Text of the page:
Affective Politics and Urban Life
by Lila Ellen Gray
Duke University Press, Durham & London, 2013
Fado - what's in a name - a postscript: after having read this book, of which I was first made aware having completed my article Fado - what's in a name for Musical Traditions. Always curious when finding a book on fado in English, I managed to get hold of a copy through interlibrary loan, and spent the best part of a week battling through it, wondering countless times why I didn't give up but, still curious enough to see where it would take me, persisting to the bitter end.
The author is an American academic, an ethnomusicologist with a background in classical violin. She tells that in her mid-30s she spent three years (2001-2003) living in Lisbon, where she attended hundreds of amateur fado sessions, spent some time learning to sing fado herself, and became personally acquainted with a number of participants in the Lisbon subculture of amateur fado. She performed and recorded 20 interviews with 21 different interlocutors between January 2002 and May 2003 and recorded one further interview in January 2010. The subjects interviewed were mostly amateur fadistas, with a handful of professional or semi-professional fadistas. She also interviewed a renowned professional Portuguese guitarist, a renowned veteran recording engineer, and a recording company executive, and had conversations with many contacts and informants which she did not document formally.
The book oscillates between two distinct kinds of text - sentences and passages composed in an obsessively abstruse pseudo-academic meta-language which is very often difficult or impossible for this reader to make much real sense of, and passages written in a simple journalistic reporting style. The numerous passages of the former kind contain certain far too often repeated words and phrases - e.g. 'foregrounding', 'writ large', 'writ small', which often add nothing whatsoever to the sense of the text. This language, peppered with neologisms and obliquities, can rather be suspected of intending to signal to the reader that 'I'm now being intellectually sophisticated and academic, moving in the upper realms of the ethnographic stratosphere, and if you can't make sense of what I'm saying then you're not good enough - in fact you're rather silly and you shouldn't be trying to read this brilliant and very deeply thought book.'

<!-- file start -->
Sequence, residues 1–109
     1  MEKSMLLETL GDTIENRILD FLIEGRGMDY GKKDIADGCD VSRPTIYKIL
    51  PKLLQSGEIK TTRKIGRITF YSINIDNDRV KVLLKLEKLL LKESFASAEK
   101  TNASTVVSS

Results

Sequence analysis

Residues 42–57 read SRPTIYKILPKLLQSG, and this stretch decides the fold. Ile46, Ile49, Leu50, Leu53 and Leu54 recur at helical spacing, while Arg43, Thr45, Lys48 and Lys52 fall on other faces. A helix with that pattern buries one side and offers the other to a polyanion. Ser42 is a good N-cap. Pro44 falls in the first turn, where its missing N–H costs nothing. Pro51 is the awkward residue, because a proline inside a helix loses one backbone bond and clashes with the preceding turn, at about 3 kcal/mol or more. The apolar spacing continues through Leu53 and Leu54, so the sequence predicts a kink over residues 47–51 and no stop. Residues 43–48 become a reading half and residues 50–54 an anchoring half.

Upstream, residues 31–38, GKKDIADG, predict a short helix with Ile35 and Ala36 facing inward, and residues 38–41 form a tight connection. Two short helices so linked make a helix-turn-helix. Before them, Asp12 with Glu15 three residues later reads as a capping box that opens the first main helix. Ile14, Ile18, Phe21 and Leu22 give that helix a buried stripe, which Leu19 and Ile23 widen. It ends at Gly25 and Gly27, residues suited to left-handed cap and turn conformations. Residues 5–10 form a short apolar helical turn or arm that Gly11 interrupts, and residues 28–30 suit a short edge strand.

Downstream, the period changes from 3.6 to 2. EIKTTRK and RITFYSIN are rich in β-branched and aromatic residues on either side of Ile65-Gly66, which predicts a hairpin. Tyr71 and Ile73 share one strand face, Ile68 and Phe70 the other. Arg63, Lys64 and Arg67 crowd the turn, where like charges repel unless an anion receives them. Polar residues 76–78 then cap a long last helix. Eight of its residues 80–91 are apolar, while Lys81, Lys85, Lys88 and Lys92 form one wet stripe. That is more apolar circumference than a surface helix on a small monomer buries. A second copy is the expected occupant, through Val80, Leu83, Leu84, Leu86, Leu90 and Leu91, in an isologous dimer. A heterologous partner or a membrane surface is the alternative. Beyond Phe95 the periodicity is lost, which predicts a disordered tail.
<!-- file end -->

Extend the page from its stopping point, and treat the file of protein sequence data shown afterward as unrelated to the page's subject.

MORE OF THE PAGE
The book is obviously intended to present, and to theorise about, the results of an ethnographic examination of a particular subculture in a single city in the present. However, nowhere in the book is there a reflection on during how long a time this subculture has existed in a form or forms recognisably similar to its present form(s). This lack of, or at least the diffuse character of, historical perspective is troubling, as there are good reasons to wonder whether the culture described in the book has existed in recognisable form for more than half a century. Obviously, phenomena named fado have existed in Portugal for nearly two centuries, but that is no guarantee that the particularities of today's Lisbon fado subculture are 'old', considering the various social, economic, cultural and political processes of upheaval and change which have transpired in Portugal since 1830. Admittedly the book doesn't make such claims, but neither does it devote significant space to reflections on the matter.